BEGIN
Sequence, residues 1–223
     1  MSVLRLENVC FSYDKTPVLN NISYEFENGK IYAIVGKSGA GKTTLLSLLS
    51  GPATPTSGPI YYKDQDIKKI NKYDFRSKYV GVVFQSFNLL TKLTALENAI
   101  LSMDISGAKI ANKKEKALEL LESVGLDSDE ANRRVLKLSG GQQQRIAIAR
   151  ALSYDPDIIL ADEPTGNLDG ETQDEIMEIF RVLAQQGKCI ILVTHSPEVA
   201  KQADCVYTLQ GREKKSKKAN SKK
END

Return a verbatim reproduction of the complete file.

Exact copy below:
Sequence, residues 1–223
     1  MSVLRLENVC FSYDKTPVLN NISYEFENGK IYAIVGKSGA GKTTLLSLLS
    51  GPATPTSGPI YYKDQDIKKI NKYDFRSKYV GVVFQSFNLL TKLTALENAI
   101  LSMDISGAKI ANKKEKALEL LESVGLDSDE ANRRVLKLSG GQQQRIAIAR
   151  ALSYDPDIIL ADEPTGNLDG ETQDEIMEIF RVLAQQGKCI ILVTHSPEVA
   201  KQADCVYTLQ GREKKSKKAN SKK